Revelations now about drawings done then…

by Alden Cole on January 30, 2015 · 0 comments

“Good taste is better than bad taste, but bad taste is better than no taste at all.” – Arnold Bennett (1867-1931)

2FacelessDrawingsWP1961-62: My last year of high school was an intense period of attempting to peer into the future, wondering what I was actually going to do when I grew up. Maybe there was a future for me as a beautician? How about working as a movie stylist?
2ProfilePagesWPBoth these considerations and more seemed to be given life in my drawings of the time. Looking now at the faceless drawings above, with the focus solely on hair, reminds me that among the life occupations considered at that time was becoming a beautician with a mission.
1.H.Crowns'n'Hair72Pondering the teenage question “what do I want to do for the rest of my life?” I was drawn to the idea of specializing in make overs – turning girlfriends who might be considered ‘ugly ducklings’ into gorgeous women, through the power of makeup, hair, clothes, and of course attitude.
2HeadShotPagesWPIn a way it was like saying: ‘since I’m not a beautiful girl myself, at least i can help those I envy to be even more attractive through the power of artifice.’ With those feelings as a psychological basis for career choice, it’s probably better that I didn’t opt for a life of make-overs.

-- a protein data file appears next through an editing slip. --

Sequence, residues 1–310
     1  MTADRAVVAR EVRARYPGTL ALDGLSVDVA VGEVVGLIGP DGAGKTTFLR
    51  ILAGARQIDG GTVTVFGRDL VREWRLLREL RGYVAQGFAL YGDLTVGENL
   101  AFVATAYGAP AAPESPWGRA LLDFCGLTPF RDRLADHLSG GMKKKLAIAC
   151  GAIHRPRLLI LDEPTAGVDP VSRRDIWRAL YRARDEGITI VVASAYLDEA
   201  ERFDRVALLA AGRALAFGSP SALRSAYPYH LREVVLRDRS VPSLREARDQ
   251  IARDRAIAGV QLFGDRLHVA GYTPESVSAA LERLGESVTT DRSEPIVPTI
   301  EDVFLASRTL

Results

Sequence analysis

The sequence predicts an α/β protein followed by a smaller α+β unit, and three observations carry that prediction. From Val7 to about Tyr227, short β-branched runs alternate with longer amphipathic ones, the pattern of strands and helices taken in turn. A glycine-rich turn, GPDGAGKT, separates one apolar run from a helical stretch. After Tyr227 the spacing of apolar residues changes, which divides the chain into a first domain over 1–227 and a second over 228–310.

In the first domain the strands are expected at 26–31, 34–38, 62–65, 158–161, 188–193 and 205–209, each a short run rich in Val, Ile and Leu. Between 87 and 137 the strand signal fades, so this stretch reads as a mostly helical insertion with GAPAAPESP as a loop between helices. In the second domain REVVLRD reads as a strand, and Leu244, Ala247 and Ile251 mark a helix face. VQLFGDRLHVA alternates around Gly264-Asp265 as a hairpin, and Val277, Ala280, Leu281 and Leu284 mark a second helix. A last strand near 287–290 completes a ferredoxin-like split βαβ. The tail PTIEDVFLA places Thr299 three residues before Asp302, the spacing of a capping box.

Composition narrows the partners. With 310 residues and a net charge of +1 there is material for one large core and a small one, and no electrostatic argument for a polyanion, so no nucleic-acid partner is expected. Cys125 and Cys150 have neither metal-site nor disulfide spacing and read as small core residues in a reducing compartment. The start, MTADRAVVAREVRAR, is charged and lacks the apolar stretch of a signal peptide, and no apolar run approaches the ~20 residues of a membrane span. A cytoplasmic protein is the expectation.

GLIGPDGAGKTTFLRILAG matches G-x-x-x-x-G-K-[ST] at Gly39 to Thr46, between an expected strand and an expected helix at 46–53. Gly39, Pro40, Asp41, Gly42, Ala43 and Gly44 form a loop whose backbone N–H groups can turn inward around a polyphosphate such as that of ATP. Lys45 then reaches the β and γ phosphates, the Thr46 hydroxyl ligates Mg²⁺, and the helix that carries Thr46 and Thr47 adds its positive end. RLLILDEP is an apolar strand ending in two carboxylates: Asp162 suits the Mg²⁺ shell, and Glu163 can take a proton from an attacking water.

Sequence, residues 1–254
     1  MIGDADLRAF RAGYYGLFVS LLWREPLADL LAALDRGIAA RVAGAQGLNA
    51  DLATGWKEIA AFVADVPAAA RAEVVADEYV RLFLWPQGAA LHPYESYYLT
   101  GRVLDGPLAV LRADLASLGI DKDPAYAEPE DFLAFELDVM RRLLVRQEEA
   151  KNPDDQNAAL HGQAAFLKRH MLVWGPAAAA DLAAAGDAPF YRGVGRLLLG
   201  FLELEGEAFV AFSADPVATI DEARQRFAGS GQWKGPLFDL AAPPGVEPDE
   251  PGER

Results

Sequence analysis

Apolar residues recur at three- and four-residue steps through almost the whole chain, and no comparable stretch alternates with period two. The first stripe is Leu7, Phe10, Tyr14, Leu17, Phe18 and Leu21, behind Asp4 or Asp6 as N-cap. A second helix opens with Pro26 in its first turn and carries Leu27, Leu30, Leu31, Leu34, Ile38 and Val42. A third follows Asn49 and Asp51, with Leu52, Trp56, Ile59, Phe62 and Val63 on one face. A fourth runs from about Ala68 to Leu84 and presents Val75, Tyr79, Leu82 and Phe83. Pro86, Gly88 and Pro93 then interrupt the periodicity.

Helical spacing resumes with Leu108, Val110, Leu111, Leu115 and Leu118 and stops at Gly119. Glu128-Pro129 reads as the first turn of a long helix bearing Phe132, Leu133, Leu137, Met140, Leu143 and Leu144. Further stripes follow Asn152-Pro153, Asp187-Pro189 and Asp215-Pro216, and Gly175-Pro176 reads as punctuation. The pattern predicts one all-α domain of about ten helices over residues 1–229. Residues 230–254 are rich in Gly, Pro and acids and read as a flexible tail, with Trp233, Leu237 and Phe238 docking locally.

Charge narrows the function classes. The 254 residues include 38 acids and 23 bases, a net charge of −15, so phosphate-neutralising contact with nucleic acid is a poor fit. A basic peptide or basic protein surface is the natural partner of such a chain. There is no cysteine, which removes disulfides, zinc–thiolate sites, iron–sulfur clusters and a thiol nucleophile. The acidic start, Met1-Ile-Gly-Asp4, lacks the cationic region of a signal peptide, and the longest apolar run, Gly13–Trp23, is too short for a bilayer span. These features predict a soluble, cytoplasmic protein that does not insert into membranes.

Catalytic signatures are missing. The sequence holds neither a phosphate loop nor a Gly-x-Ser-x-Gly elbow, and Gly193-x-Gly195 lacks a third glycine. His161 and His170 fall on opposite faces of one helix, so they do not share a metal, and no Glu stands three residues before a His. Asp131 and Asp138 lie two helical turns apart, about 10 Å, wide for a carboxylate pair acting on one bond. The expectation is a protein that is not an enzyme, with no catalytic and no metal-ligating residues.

2SidedSheetWPThe drawings in today’s post are anomalies among the drawings produced while I was a teenager: pages of just hairstyles, or all frontal faces, or details grouped together with small full figures on a single page. Each possesses a unique point of view. The two drawings directly above – vertical and horizontal – are the front and verso of a single 8-1/2″ x 11″ sheet. Apparently paper must have been at a premium that day!

1962OneActPlayWPJohn M. Synge’s Riders to the Sea was the one-act tragedy that I participated in senior year along with classmates Arel Dolby, Tom Brady, (Mrs. Pauline Fournier, our English teacher and coach in the middle), Joanne Hobbs, and Susan Willey in the front row; Cathy Roberts, myself, Brian Anderson, Mike Cyr, and Maxine Lord, back row. The subject matter of the play was extremely grim, but our small cast was looking anything but for the yearbook photo.

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